this year we would be in trouble.....just sayin.
Onion crop has been wonderful. About 75+ lbs. of white, yellow and red harvested nicely and will keep for months. But the other stuff??? O M G...total Wipe Out.
No brocs, little cauliflower. Planted late so I can't really judge the toms & peppers...but I'm no where NEAR a ripe tomatoe...and only have a few "close-to-harvest" peppers. I do have to say that cowpeas, beans, okra, melons and cukes are holding their own... but they are really strugglin'. And I still have sweet potatoes in reserve..and I might be too late.
At least we would all be very skinny? LOL!
We dug the rest of our potatoes cuz I was needing something to harvest.
It looks like a gluten-free diet may be in my future---I have been avoiding it, but we will see. The eggplants that are forming now are my only comfort, if I truly do have to go gluten free, I will definitely have to be a better gardener.
I should have planted 5 times the amount of snap peas and bush beans to put in the freezer. Hoping squash and zuchini surprise me.
Good luck, Jammie
My garden is dragging its feet also, mostly because of the lack of my time to tend to it.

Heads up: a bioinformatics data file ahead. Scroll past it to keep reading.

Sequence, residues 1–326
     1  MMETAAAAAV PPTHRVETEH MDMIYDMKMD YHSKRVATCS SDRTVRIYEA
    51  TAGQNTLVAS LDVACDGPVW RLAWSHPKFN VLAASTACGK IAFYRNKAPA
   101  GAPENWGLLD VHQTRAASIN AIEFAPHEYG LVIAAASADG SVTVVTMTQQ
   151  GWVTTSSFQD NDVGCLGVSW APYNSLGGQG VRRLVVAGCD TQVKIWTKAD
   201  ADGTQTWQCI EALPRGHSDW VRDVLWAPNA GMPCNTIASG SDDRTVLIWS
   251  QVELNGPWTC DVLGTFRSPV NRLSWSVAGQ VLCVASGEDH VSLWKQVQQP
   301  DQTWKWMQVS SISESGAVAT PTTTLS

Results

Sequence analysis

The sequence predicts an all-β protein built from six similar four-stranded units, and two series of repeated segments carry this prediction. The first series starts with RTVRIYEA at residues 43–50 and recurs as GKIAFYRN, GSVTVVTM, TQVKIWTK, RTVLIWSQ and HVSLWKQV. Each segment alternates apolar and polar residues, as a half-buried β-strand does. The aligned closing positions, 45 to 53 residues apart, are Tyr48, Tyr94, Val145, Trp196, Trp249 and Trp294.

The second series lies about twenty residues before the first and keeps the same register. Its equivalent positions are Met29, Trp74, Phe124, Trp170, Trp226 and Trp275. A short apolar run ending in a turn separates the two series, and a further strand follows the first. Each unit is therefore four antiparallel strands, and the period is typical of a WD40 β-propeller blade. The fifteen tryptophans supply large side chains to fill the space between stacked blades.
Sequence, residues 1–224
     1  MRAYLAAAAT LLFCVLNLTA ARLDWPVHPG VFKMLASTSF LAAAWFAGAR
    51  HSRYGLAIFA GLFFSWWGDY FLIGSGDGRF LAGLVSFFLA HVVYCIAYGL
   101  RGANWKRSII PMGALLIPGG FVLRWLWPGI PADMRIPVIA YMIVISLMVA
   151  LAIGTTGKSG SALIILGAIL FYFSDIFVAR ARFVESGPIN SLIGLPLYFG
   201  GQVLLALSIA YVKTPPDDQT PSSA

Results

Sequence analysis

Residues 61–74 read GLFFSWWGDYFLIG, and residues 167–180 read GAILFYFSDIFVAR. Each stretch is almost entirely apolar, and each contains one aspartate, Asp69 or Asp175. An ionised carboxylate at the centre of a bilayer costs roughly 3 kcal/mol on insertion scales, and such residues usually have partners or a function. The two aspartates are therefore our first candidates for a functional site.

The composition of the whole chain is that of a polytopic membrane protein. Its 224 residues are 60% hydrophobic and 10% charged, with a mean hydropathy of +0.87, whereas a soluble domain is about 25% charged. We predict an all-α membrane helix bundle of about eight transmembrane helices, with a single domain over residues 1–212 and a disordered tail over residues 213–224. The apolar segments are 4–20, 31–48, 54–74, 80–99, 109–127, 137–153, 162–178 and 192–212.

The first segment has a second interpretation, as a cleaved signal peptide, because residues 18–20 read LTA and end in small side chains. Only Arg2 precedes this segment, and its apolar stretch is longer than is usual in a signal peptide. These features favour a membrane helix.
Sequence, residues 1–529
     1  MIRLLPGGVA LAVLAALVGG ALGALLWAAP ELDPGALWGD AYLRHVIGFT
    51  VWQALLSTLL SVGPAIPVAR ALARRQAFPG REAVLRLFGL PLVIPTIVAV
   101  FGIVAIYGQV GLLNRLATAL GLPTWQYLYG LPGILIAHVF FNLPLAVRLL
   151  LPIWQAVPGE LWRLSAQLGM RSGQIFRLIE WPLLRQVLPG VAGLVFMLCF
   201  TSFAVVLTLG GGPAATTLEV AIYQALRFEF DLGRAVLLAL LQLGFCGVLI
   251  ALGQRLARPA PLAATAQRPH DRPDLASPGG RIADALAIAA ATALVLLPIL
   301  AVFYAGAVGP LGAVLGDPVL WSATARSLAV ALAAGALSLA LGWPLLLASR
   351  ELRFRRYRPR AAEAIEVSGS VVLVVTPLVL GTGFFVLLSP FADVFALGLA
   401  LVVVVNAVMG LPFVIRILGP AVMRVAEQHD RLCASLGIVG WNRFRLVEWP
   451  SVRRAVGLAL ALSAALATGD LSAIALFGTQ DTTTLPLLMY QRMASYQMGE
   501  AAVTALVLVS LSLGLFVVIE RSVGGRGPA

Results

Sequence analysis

I am getting a few larger tomatoes, lots of Sungold. I had the best onion year I have ever had, but that is not saying much because I have only grown them 3 or 4 times. My sweet potatoes look very well. The okra has nor done well. The peppers are doing very well, except the Bell. The romaII are putting on a lot of green beans. A lot of my purple hulls are being taken out by the crows. The crows also did a lot of damage to my Early Sunglow corn, but I still got more than I needed.
I need to start getting for the fall garden, but it may not happen, family medical issues are still taking a lot of my time.
It's been rough! My squash has been my best producer. My pumpkins have been killed by squash bugs. My beans are stalled or have too much thrip damage to produce. A few of my tomatoes are doing okay, but I haven't harvested a ripe one yet. A couple of peppers are okay, but they are all bells. The saving grace of my garden has been the cantaloupe and watermelons, along with the squash. I'm going to plant winter squash in the area decimated by squash bugs. I recently learned that squash bugs only go through one generation every season, so once the adults have mated and the nymphs have hatched, there shouldn't be any more problems with them in the fall. I think I might replant pumpkins, because I like them and because I'm counting on the fall to save my garden!